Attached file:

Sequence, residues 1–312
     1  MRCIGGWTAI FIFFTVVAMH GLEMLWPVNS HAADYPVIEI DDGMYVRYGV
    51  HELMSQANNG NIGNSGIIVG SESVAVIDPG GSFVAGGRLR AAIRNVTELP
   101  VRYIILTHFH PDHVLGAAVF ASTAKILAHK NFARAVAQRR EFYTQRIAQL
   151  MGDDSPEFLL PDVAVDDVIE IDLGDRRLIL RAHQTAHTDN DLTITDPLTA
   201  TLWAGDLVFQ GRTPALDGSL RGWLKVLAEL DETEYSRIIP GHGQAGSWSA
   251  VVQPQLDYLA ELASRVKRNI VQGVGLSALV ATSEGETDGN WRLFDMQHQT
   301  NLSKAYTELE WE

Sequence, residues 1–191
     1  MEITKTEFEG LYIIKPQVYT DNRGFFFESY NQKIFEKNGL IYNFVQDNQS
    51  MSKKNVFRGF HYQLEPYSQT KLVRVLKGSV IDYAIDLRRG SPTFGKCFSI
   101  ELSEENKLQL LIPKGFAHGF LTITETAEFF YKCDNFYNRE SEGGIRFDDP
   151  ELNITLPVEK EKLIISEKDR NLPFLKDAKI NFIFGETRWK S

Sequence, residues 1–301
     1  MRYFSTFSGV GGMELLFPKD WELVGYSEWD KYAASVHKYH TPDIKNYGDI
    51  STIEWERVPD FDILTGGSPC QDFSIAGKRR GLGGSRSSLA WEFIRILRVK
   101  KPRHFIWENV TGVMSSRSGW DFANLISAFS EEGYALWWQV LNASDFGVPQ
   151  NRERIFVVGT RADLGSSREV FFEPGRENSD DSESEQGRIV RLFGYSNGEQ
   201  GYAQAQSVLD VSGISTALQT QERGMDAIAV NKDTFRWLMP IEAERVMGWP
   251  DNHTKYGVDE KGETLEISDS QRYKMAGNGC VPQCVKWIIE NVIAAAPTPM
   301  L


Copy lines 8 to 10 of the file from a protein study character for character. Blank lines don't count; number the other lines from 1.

   301  NLSKAYTELE WE

Sequence, residues 1–191
     1  MEITKTEFEG LYIIKPQVYT DNRGFFFESY NQKIFEKNGL IYNFVQDNQS